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  1. #1
    Join Date
    Mar 2005
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    Unanswered: sql2005 and possible database auditing/monitoring...

    Does 2005 have some kind of new feature that audits/monitors changes to a database kind of like an antivirus or something.
    Reason for question:
    1) inserting records into database, 1000 records takes about 2 minutes.
    2) reading those 1000 records takes about 45 seconds
    3) updating those 1000 records takes about 15 minutes
    4) yes we are using ntwdblib.dll and a 4gl language

    i was running a test program to add, read, update, delete 1000 records and that is when i noticed that insert, update, delete took a performance hit whereas reading didnt. i ran my test program on a control server (in house) and then at the clients side(matching OS, MSSQL 2005 SP2). Results from test program: The UPDATE process on client side took about 4x longer, INSERT about 2x longer, DELETE about 1.5x longer, READ was actually faster on the clients system.
    so this made me wonder if their was some kind of database monitoring/auditing going on.

  2. #2
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    First, all of those time are horrendous...even without indexes you should not be seeing thos times, I mean, hell, it's only 1,000 rows

    You can use sql profile to take a peek at what's going on...BUT I can tell you right now

    It ain't the database

    What's the 4GL application?
    Brett
    8-)

    It's a Great Day for America everybody!

    dbforums Yak CorralRadio 'Rita
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    I'm Good Once as I ever was

    The physical order of data in a database has no meaning.

  3. #3
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    Provided Answers: 1
    I'm betting the 4GL is using loops/cursors.
    If it's not practically useful, then it's practically useless.

    blindman
    www.chess.com: "sqlblindman"
    www.LobsterShot.blogspot.com

  4. #4
    Join Date
    Mar 2005
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    I know our current setup is horrible...

    and not even close to the best solution. but i have to live with it.
    yes it does use loops & cursors to access the data, 1 row at a time.
    yes i know it aint the server/database that is the slowdown.
    we use COBOL programs the use a RUNTIME that uses ntwdblib.dll to access the data. Most inefficient method possible. but keep in mind it is bandaid for now. we are writing all new apps with C# with new file structures. but that is a project that is still about 6 months from completion and it will take a while to get 100+ customers migrated/upgraded from the current database structure up to the new database structures.
    for the most part of the 100+ customers the application response time is within reason. but now at 4 sites in particular, which have screaming servers with lots of RAM (upto 16GB at 2 sites), fast HD's and SQL2005 SP2, the application response is like i have described.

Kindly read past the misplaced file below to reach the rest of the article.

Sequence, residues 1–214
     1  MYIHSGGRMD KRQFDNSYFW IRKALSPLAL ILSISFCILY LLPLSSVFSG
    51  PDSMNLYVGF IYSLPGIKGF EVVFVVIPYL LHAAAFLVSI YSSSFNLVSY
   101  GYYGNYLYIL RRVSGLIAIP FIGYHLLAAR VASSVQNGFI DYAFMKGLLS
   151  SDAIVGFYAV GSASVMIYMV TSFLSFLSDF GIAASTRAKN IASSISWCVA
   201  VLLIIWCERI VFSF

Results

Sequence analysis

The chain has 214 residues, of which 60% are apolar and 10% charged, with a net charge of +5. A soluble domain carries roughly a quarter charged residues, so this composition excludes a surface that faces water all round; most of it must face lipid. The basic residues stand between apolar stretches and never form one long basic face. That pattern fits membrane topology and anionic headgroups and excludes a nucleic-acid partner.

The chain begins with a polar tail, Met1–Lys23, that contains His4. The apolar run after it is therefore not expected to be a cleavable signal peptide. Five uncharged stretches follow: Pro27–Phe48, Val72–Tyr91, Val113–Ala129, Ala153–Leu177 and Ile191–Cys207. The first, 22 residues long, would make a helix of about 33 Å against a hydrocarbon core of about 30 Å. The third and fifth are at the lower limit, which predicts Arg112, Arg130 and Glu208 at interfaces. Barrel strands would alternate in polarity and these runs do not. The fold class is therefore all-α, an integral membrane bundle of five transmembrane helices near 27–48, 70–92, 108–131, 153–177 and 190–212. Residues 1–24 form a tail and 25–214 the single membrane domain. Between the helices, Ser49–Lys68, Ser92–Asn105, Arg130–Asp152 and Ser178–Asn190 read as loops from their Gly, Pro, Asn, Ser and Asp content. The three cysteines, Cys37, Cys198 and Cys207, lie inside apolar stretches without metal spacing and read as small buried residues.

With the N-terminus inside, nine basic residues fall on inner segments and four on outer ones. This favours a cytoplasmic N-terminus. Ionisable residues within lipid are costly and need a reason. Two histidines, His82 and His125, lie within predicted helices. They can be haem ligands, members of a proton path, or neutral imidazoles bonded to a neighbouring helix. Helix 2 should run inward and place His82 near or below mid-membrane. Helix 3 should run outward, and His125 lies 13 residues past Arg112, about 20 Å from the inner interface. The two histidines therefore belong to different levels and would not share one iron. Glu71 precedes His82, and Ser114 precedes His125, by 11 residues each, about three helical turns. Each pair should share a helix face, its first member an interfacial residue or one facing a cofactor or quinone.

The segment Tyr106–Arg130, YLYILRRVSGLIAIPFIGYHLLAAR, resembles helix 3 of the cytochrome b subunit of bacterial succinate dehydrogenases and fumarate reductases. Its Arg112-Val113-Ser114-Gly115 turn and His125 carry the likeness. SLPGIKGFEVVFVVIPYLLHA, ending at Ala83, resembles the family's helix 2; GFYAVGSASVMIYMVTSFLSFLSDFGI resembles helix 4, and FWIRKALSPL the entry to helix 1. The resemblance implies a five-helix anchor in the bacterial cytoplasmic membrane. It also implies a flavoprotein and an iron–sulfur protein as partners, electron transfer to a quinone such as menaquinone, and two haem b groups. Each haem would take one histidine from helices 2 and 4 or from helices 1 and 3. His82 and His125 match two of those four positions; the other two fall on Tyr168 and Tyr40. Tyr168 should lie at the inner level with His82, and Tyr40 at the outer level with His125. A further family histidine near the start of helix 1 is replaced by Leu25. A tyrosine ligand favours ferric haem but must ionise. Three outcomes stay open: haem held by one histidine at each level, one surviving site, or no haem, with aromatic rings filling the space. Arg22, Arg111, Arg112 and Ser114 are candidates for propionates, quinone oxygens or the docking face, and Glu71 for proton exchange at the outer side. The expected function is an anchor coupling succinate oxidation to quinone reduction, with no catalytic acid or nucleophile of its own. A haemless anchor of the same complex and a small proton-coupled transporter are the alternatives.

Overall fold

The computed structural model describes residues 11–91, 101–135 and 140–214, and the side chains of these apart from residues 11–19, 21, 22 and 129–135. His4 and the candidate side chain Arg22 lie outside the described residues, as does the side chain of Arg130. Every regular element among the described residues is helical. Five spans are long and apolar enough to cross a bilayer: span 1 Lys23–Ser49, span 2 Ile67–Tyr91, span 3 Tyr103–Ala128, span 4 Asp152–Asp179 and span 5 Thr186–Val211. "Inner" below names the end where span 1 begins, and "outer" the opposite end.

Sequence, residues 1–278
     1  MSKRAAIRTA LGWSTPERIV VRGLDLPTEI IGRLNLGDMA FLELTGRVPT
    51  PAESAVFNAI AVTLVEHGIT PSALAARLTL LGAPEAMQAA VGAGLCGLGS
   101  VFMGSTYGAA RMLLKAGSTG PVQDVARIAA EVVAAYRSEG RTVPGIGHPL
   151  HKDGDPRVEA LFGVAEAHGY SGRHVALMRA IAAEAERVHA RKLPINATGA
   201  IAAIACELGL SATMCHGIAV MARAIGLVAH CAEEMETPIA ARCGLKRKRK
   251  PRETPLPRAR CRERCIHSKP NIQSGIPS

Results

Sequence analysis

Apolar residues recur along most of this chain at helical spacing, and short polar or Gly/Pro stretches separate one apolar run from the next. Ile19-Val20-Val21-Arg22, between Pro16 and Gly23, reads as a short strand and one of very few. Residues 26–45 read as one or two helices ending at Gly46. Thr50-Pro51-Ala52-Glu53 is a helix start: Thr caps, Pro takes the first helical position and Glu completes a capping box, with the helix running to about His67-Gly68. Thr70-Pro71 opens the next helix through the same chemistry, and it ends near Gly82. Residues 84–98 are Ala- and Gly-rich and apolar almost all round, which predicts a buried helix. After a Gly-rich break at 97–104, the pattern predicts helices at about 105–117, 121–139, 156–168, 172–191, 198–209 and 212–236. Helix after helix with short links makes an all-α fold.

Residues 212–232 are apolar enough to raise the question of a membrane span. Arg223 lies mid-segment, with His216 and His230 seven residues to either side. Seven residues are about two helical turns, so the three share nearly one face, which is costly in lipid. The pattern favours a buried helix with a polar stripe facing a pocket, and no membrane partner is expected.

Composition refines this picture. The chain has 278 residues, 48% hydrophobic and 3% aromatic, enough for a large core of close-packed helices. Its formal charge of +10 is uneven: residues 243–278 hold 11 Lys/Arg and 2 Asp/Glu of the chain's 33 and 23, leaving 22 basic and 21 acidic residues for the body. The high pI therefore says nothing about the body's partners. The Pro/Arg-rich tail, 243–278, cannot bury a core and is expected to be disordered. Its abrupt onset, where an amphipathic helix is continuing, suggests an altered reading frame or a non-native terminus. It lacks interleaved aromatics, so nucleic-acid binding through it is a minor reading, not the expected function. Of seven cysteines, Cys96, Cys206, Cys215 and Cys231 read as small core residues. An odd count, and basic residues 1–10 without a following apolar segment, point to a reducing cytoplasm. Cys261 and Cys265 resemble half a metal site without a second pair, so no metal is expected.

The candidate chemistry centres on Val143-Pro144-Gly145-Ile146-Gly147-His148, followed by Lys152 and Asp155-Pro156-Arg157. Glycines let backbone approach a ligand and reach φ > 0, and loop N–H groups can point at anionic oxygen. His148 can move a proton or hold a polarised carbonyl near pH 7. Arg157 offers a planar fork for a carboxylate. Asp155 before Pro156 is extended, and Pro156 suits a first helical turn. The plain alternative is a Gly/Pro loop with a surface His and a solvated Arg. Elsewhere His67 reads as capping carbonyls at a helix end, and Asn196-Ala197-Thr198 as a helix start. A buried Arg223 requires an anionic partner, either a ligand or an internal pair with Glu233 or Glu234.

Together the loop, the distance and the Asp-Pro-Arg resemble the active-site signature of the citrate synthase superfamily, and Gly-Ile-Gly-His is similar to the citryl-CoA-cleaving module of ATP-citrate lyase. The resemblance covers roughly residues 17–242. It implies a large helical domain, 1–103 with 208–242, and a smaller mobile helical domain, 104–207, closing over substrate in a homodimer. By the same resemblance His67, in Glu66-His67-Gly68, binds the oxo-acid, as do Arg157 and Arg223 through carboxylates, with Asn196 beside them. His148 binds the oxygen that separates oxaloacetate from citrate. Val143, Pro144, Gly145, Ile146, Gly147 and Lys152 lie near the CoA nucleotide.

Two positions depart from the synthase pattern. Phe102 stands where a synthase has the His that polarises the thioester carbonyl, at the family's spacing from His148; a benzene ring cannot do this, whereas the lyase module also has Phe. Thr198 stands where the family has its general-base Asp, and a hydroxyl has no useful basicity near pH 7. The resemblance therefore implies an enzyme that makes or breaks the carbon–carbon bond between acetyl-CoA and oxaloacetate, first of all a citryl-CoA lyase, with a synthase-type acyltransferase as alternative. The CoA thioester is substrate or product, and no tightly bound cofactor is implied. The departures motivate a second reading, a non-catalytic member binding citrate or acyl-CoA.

we monitored the server and work station while running the test program. while inserting, updating and deleting the network traffic just pretty much dies down. while reading the data the network traffic shot up.
    the cpu usage stays about the same across the board.
    So i am trying to figure out why during update the DATA being transferred just dies off. while all the other indicators dont show a hit.

  5. #5
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    I know COBOL, Albeit on the mainframe, but Iguess it's all the same, and yes almost all developers code with cursors, nested cursor, nested cursors, neste...did I type that againn?

    In any case, I had a peoplesoft developer write an extract for us that took 9 hours.

    He had 9 levels of nested cursors

    I wrote it as an unlod and it wa done in 5 minutes

    I'm not sure I have any advice to offer, other than to create a list of suspect points in the process and test and document weach one

    Start with the dataabse and do profiler andd document the cpu usage and times..then go from there
    Brett
    8-)

    It's a Great Day for America everybody!

    dbforums Yak CorralRadio 'Rita
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    I'm Good Once as I ever was

    The physical order of data in a database has no meaning.

  6. #6
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    Hicpics:
    Your application is slow because it is crappy.
    You don't have time/resources to repair it now.
    You want a quick fix to make it run faster.

    Well, if there was a quick fix that would make things run faster, your application wouldn't be crappy, would it?

    But it is crappy, so there isn't a quick fix, and you have to rewrite it. That's all there is to it.

    There is no SET OPTION RUN_LIKE_A_SLUG = OFF in SQL Server.
    If it's not practically useful, then it's practically useless.

    blindman
    www.chess.com: "sqlblindman"
    www.LobsterShot.blogspot.com

  7. #7
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    Quote Originally Posted by blindman
    SET OPTION RUN_LIKE_A_SLUG = OFF in SQL Server.
    The syntax is wrong

    SET OPTION RUN_LIKE_A_SLUG OFF